View details for Web of Science ID 000296377800026

    View details for PubMedID 21819196

  • The role of hypothermia in the management of severe brain injury. A meta-analysis ARCHIVES OF NEUROLOGY Harris, O. A., Colford, J. M., Good, M. C., Matz, P. G. 2002; 59 (7): 1077-1083

    Abstract

    Hypothermia is utilized in the management of severe traumatic brain injury despite the lack of unequivocal evidence supporting its use. Because of its widespread use, the effects of hypothermia are a concern.To determine the effectiveness of hypothermia in the management of severe brain injury.Two investigators working independently abstracted data in a blinded fashion from studies identified using multiple literature databases, including MEDLINE, Ovid, PubMed, the Cochrane Database of Systematic Reviews, EMBASE, and the abstract center for the American Association of Neurological Surgery and the Congress of Neurological Surgery, as well as the bibliographies of these articles. Additionally, experts in the field of hypothermia and neurotrauma provided additional references.Seven studies met predetermined inclusion criteria: (1) the study was a randomized clinical trial comparing the efficacy of hypothermia vs normothermia in patients with posttraumatic head injury, (2) only subjects aged 10 years or older were included in the study, and (3) relative risks (odds ratios [ORs], cumulative incidence, or incidence density measures) and 95% confidence intervals (CIs) or weighted mean differences and 95% CIs could be calculated from the data presented in the article. These criteria were applied in a blinded fashion by 2 independent investigators.No single outcome variable was evaluated in all studies. The following outcome variables were assessed: intracranial pressure, Glasgow Outcome Scale score, pneumonia, cardiac arrhythmia, prothrombin time, and partial thromboplastin time. Either ORs or weighted mean differences (when the data provided did not permit calculation of an OR) comparing the effects of hypothermia vs normothermia were calculated from the data provided.The weighted mean difference (hypothermia - normothermia) for intracranial pressure was -2.98 mm Hg (95% CI, -7.58 to 1.61; P =.2). The OR (hypothermia vs normothermia) for Glasgow Outcome Scale score was 0.61 (95% CI, 0.26-1.46; P =.3). The OR for pneumonia was 2.05 (95% CI, 0.79-5.32; P =.14). The OR for cardiac arrhythmia was 1.27 (95% CI, 0.38-4.25; P =.7). The weighted mean difference for prothrombin time was 0.02 seconds (95% CI, -0.07 to 0.10; P =.7). The weighted mean difference for partial thromboplastin time was 2.22 seconds (95% CI, 1.73-2.71; P<.001).This meta-analysis of randomized controlled trials suggests that hypothermia is not beneficial in the management of severe head injury. However, because hypothermia continues to be used to treat these injuries, additional studies are justified and urgently needed.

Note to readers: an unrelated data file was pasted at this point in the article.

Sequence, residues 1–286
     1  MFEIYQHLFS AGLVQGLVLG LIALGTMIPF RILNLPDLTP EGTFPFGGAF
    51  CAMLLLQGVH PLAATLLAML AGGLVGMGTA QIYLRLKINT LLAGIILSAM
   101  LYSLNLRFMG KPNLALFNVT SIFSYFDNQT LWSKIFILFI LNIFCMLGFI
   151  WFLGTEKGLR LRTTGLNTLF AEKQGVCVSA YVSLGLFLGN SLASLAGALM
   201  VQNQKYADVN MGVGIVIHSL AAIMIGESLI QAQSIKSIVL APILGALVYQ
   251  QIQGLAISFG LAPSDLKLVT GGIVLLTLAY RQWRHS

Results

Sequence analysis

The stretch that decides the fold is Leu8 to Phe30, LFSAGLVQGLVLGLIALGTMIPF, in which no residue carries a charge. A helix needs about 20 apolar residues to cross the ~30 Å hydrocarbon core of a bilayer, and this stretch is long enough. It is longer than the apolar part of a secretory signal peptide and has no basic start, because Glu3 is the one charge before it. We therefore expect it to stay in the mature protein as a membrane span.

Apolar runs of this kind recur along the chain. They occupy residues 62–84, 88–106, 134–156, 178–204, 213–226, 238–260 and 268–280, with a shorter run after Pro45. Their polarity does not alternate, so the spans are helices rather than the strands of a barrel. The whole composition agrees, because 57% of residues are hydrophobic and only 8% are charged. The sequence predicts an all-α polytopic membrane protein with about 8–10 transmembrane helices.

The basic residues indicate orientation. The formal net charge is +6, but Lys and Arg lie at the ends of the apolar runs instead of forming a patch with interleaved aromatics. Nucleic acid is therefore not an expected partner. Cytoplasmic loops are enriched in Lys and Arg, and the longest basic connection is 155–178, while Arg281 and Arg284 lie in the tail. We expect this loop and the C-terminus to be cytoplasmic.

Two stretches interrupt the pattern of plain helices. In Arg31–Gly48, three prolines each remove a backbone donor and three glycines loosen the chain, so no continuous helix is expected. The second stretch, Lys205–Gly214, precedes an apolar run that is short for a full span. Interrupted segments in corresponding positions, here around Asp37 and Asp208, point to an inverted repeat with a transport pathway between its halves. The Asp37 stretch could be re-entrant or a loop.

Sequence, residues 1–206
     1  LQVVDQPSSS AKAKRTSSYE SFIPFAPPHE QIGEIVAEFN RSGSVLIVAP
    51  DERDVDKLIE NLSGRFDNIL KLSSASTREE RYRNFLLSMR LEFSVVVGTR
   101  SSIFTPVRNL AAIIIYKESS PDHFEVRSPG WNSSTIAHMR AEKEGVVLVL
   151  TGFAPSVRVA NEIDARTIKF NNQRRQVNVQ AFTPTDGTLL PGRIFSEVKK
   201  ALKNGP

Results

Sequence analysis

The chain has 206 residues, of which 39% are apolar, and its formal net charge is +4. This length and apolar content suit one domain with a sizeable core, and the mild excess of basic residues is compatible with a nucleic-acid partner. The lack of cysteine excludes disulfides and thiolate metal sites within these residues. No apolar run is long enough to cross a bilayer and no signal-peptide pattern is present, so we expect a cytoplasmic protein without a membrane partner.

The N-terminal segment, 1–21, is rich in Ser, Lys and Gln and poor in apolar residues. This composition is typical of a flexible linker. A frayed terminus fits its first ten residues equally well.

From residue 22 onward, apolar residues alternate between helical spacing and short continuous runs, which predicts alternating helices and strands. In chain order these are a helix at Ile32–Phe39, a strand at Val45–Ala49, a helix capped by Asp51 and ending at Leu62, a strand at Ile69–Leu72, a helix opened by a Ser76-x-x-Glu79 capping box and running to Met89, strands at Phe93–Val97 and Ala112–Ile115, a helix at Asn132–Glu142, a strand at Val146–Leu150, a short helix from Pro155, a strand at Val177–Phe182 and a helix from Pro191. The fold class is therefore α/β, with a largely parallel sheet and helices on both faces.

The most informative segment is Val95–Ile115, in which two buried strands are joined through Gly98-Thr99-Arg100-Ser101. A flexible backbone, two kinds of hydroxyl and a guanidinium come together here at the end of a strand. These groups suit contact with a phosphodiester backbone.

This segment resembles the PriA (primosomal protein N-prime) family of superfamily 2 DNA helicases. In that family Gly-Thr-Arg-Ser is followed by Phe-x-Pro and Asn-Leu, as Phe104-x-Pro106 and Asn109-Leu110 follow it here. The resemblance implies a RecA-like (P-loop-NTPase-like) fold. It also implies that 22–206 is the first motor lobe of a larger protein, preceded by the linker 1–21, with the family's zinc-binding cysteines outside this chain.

View details for Web of Science ID 000176714500002

    View details for PubMedID 12117354

  • Acquired cerebral arteriovenous malformation induced by an anaplastic astrocytoma: An interesting case NEUROLOGICAL RESEARCH Harris, O. A., Chang, S. D., Harris, B. T., Adler, J. R. 2000; 22 (5): 473-477

    Abstract